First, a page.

EPA SLASHING LEAD ALLOWANCE IN AIR BY 90%
Oct 16, 2008
Finally, in the waning months of the Bush Administration, the EPA is slashing the amount of lead allowed in the nation’s air by 90 percent. Has the Environmental Protection Agency suddenly turned environmental?
Well, actually, they were under a federal court order to set a new health standard for lead by midnight Wednesday, so they had no choice.
Exposure to even low levels of lead early in life can affect learning, IQ and memory. Under this new regulation, the first lead update in thirty years (yes 30 years!), the new limit for airborne lead has been reduced by tenfold, to 0.15 micrograms per cubic meter; the current standard, which was 1.5 micrograms per cubic meter.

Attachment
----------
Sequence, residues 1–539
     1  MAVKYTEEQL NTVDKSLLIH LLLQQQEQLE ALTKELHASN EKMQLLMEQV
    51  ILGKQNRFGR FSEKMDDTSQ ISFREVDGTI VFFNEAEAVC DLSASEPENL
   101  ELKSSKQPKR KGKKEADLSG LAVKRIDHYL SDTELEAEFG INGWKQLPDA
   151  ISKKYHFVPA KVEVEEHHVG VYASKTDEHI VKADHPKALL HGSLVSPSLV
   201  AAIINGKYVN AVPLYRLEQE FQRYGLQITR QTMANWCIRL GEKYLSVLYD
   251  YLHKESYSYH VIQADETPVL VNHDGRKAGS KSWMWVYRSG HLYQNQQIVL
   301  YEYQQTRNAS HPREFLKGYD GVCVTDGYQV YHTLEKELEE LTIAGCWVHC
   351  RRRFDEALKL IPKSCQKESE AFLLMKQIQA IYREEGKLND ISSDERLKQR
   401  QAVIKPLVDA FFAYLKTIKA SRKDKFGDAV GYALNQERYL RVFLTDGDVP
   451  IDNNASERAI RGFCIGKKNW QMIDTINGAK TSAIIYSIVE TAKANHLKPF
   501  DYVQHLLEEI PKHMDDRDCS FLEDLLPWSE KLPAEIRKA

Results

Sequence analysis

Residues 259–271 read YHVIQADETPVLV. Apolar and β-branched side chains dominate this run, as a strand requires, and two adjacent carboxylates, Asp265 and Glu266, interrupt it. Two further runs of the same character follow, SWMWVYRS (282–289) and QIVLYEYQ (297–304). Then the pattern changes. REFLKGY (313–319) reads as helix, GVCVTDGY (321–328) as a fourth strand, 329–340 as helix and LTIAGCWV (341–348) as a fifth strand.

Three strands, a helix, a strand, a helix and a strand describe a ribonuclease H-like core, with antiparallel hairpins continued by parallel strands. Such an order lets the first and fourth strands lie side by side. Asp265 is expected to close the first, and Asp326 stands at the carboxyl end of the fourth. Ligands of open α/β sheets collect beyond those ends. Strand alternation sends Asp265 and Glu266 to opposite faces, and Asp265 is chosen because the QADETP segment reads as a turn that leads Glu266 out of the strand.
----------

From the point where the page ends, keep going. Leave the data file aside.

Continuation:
The new standard would require the 16,000 remaining sources of lead, including smelters, metal mines, and waste incinerators, to reduce their emissions.
According to many environmentalists, the key to this program is the monitoring of these sites. “We commend EPA for taking a giant step in the right direction, but they need to greatly expand the lead monitoring network if they hope to enforce this standard,” said Dr. Gina Solomon, a senior scientist with the Natural Resource Defense Council.
This is a positive step and one that we can hopefully see with a new administration.